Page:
Here at Disability Horizons, we regularly keep an eye for any gizmos, gadgets and apps that might help disabled people in their quest for greater independence. In the first of our regular Useful gizmos and gadgets series, we’ll feature useful pieces of technology that our readers let us know of.
Last summer, I began the process of getting assessed to drive a car independently. While I was able to control the vehicle, I did have some concerns about driving. One of those concerns related to what I would do if was on my own and my car broke down and for whatever reason I couldn’t use my phone. It would be very difficult to raise the alarm as I am always out and about and I don’t always keep someone informed as to what I am doing.
One of our readers recently came across and emailed us about an app called Lookout Call, which is apparently widely-used commercially by independent or lone workers, and enables an alarm to be raised if something goes wrong.
The app works in the following manner. Individuals use their mobile phone to provide regular spoken updates describing their location and planned activity. They also input an estimation of the length of time their activity will last. This causes a timed countdown to begin. At any point during the countdown they can press the safe button and enter their PIN to deactivate the countdown.
If a countdown expires, the protection system phones the individuals to prevent a false alarm being triggered. If the individual fails to deactivate the alarm, the system enters an alert mode. When in alert mode the system alerts the individuals nominated ‘Responders’ (their friends, family and loved ones) and replays the message left earlier. Responders are prompted to confirm their intention to take appropriate action and the app confirms immediately that help is on the way. The app will alert the friends, family and loved ones, regardless of geographical distance even if the individual’s phone is out-of-battery, lost or even destroyed.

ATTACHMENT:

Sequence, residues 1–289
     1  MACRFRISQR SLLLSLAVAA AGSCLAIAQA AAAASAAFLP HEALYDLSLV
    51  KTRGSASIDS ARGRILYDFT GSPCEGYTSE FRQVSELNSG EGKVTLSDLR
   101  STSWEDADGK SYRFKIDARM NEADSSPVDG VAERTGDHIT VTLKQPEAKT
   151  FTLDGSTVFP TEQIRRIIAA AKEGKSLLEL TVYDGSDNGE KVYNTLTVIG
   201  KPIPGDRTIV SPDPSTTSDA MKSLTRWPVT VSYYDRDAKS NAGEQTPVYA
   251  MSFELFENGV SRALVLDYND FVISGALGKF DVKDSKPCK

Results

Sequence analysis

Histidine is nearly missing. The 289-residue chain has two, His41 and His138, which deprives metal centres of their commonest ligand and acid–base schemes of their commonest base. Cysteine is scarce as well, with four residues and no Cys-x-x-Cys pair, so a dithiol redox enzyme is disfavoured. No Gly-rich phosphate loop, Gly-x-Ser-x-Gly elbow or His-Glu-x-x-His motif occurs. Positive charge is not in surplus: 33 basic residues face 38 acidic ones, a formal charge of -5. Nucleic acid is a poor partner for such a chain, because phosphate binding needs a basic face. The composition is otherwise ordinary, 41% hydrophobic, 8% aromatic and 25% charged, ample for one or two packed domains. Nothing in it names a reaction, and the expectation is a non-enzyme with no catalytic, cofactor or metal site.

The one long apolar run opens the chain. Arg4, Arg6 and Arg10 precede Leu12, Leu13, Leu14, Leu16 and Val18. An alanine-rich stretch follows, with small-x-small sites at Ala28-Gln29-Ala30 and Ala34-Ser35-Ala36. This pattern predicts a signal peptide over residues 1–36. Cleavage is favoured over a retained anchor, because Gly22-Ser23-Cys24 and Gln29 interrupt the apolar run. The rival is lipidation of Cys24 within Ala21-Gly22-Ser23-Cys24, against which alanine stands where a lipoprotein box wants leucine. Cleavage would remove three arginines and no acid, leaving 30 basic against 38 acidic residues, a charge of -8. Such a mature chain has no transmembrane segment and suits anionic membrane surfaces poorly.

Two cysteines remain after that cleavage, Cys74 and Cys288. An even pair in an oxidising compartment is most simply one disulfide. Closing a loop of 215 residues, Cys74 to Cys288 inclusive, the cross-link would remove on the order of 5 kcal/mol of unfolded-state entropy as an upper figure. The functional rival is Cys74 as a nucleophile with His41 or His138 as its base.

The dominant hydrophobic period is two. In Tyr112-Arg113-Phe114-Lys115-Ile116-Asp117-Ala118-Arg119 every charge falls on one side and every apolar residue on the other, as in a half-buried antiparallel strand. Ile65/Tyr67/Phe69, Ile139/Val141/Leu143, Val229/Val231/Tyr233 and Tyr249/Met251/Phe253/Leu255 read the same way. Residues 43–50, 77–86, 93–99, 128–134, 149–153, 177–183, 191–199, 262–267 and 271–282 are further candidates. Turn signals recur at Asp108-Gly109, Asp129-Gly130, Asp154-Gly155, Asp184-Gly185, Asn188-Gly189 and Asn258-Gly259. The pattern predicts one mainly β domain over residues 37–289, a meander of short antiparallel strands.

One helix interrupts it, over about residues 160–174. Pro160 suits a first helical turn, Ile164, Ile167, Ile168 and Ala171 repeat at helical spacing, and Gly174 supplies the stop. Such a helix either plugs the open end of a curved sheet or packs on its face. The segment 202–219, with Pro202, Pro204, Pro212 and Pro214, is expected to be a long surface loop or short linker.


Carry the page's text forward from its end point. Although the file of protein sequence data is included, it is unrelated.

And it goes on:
According to Lookout Call Director John Wood “Lookout Call has already proven itself as an efficient, cost-effective and reliable personal alert system for people who are repeatedly placed in vulnerable situations. As such we are delighted that we can offer this world-class technology and subsequent peace of mind, to disabled motorists.”
While we were informed about this app by one of our readers in the context of driving, I reckon it potentially has use in a number of other contexts especially by those whose disability affects them at irregular and unpredictable intervals.
If anyone else has any experience of any other apps which can be used to raise an alarm when travelling independently then let us know!
By Srin Madipalli